Congenital hip dislocation is an anomaly that is caused, in most cases, by a partial stoppage of intrauterine growth in the baby’s hip region. The treatment is to put on a Pavlik harness or abduction splint.
What is hip dislocation?
Congenital hip dislocation is an alteration in the relationship between the cup (joint cavity) and the head of the femur . It refers to a loss of contact between the surfaces of these two bony structures at birth. Congenital hip dislocation is the most serious stage of what is called developmental dysplasia of the hip.
It is usually diagnosed during the first six months of life by physical examination of the baby with maneuvers called Ortolani and Barlow. The presence of asymmetry in the folds of the thighs and buttocks or the difference in length between the lower limbs can also make us suspicious.
Incidence and prognosis
Its incidence is between 1 and 6 of every 1,000 newborns , and if it is not treated correctly in a timely manner, it can cause severe disability. However, correct treatment in the first weeks of life with a Pavlik harness manages to restore anatomical and functional normality to the hips, which were completely dislocated in most cases, so that an accurate diagnosis followed by early treatment is decisive in these cases. kids.
This anomaly is caused, in most cases, by a partial arrest of intrauterine growth in the hip region. If the alteration occurs before the third month of pregnancy, the hip appears already dislocated at the time of birth (embryonal-type dislocation).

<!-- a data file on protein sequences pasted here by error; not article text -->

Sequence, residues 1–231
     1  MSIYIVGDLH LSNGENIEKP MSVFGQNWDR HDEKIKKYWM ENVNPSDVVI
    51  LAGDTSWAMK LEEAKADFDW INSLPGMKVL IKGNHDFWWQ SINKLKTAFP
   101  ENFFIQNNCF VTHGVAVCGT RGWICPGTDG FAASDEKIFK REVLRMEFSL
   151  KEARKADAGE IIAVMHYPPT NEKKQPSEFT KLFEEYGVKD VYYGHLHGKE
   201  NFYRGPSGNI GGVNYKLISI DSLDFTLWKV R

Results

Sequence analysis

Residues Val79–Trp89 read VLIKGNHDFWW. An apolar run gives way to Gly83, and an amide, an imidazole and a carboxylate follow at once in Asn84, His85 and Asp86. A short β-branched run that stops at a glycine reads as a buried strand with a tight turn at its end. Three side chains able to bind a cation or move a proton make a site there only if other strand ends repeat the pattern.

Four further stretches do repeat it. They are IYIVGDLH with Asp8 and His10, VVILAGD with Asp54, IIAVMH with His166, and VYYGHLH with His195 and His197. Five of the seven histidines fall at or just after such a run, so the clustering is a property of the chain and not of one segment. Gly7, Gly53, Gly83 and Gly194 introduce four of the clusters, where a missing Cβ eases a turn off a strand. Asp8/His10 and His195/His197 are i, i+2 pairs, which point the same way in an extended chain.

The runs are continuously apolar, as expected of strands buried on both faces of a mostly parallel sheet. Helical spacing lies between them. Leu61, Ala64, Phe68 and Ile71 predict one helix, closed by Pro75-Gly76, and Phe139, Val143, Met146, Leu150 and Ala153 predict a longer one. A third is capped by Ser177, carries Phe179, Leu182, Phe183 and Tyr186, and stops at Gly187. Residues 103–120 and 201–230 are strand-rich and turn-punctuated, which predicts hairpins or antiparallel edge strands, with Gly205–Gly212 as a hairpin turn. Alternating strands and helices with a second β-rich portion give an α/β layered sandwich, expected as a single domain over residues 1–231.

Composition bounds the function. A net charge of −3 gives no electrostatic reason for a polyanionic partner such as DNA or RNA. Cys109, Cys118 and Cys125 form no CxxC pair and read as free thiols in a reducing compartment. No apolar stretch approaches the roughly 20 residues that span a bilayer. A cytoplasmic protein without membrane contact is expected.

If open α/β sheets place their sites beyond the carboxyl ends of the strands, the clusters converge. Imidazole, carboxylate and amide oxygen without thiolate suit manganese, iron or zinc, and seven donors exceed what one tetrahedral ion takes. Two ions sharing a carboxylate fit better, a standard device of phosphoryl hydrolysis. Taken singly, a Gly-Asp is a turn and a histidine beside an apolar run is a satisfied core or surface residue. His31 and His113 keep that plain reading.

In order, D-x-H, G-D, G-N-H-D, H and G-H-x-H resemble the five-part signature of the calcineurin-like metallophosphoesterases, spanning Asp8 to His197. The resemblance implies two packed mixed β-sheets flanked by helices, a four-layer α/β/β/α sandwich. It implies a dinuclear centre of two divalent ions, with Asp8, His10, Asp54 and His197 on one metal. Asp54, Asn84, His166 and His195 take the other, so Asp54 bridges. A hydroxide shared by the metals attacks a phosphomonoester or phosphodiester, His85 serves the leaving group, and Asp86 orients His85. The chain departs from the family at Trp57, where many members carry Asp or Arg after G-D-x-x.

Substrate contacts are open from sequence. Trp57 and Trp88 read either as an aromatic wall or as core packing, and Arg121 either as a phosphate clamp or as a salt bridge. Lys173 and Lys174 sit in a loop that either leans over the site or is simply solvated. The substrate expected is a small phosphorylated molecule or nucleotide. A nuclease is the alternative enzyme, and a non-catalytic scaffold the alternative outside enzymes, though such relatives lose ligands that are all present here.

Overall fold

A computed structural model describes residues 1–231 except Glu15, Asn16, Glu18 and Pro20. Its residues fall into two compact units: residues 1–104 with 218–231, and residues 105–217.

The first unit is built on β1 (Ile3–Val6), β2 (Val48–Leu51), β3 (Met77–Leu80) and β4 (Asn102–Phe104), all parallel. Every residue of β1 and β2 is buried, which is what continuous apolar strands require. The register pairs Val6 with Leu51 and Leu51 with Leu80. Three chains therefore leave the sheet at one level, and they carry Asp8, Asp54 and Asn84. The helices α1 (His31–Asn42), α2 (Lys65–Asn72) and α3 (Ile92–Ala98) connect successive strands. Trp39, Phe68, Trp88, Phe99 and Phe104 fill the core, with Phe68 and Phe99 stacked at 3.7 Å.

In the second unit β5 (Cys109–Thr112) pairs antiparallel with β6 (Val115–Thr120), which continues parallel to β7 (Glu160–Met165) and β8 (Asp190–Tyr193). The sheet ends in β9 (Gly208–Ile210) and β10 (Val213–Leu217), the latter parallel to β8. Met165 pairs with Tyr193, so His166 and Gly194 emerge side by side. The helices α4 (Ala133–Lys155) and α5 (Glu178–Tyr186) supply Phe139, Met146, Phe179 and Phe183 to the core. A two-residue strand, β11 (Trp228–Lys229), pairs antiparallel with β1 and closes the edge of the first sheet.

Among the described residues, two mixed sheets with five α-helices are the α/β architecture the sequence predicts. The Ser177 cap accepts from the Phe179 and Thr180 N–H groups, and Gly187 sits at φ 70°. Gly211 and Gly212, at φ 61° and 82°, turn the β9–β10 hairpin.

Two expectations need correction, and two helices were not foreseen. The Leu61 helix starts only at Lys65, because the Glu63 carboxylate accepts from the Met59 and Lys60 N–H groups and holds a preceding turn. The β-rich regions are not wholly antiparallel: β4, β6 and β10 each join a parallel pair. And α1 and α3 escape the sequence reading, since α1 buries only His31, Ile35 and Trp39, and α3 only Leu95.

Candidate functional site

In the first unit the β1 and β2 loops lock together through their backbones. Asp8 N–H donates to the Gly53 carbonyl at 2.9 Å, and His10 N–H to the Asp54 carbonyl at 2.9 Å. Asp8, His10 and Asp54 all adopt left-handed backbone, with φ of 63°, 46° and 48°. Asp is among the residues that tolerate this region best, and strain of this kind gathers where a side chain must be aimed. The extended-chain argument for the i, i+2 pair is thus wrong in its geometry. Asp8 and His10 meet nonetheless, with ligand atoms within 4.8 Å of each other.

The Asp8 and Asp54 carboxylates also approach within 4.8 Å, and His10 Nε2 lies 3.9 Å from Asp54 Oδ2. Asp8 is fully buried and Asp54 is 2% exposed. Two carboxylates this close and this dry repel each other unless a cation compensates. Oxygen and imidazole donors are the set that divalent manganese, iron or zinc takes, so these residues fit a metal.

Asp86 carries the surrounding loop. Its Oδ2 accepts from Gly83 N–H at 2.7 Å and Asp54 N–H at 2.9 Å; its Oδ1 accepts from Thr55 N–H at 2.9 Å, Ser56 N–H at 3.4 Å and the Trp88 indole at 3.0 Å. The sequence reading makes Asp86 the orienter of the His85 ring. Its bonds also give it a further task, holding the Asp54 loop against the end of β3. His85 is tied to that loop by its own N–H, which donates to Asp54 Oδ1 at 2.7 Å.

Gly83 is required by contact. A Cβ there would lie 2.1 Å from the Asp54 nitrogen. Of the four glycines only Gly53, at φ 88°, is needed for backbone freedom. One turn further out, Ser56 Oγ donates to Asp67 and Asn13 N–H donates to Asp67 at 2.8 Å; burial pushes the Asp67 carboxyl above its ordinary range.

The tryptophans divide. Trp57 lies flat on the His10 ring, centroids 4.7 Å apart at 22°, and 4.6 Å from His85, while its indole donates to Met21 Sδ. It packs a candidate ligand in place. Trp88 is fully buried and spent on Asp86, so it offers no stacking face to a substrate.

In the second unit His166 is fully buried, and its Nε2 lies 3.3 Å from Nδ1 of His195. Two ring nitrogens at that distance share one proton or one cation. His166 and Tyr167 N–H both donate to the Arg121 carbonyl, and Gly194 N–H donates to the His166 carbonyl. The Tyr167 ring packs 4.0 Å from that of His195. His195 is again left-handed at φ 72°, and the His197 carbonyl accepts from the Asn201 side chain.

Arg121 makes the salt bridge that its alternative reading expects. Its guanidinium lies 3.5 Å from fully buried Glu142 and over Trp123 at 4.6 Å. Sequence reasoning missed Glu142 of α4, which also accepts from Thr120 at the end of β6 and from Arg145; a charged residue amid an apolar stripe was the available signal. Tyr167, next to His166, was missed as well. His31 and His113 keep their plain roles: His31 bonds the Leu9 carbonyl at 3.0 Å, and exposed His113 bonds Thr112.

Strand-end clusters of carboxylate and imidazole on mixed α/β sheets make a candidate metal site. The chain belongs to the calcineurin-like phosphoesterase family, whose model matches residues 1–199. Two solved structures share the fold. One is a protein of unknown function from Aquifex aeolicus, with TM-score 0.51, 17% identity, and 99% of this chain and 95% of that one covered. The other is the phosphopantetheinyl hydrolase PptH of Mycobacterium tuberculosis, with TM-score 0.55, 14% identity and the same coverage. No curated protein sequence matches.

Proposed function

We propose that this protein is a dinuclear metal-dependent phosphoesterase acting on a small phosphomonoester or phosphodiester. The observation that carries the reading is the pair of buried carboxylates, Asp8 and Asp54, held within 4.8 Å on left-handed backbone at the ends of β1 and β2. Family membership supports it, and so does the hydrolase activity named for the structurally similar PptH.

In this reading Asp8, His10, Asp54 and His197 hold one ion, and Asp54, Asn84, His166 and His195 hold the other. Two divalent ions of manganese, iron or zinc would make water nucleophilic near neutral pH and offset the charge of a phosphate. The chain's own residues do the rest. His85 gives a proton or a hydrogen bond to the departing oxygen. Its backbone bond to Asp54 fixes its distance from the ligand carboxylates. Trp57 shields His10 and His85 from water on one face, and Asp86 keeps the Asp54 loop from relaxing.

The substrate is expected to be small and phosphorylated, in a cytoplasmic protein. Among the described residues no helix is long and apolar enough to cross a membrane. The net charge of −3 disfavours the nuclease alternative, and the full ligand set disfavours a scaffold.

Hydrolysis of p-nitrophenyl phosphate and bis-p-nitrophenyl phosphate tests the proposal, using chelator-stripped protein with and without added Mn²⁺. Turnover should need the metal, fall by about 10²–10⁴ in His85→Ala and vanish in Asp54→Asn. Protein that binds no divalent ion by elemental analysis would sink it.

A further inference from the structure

What is developmental dysplasia of the hip?
Developmental dysplasia of the hip refers to a wide spectrum of pathological alterations that includes: dislocation, subluxation and dysplasia , which can appear from birth to the development of the march.
We have three types of hip dysplasia:
- Teratological dysplasia: these are serious dysplasias that occur during the embryonic phase, irreducible and associated with other important alterations, such as myelomeningocele.
- Developmental dysplasia of the hip: occurs during perinatal life, may be present at birth, is not usually associated with syndromes, and usually has associated risk factors.
- Infantile and/or adolescent dysplasia: occurs when there is a deformity of the proximal femur and/or the acetabulum, but the joint is reduced.
why it occurs
There are three main risk factors:
- Female sex: Estrogens produced in the female fetus are related to increased relaxin , a substance that causes increased ligamentous laxity.
- Breech presentation: presenting greater risk if associated with knee extension (this position is called pure breech).
- Family history: if there is an affected sibling the risk is 6%, if one of the parents is affected it is 12% and 36% if a sibling and one of the parents are affected.
How is it diagnosed?
If the baby has at least two of these factors, or the physical examination is pathological, an ultrasound of the hips after birth is recommended. Prematurity appears to be a protective factor.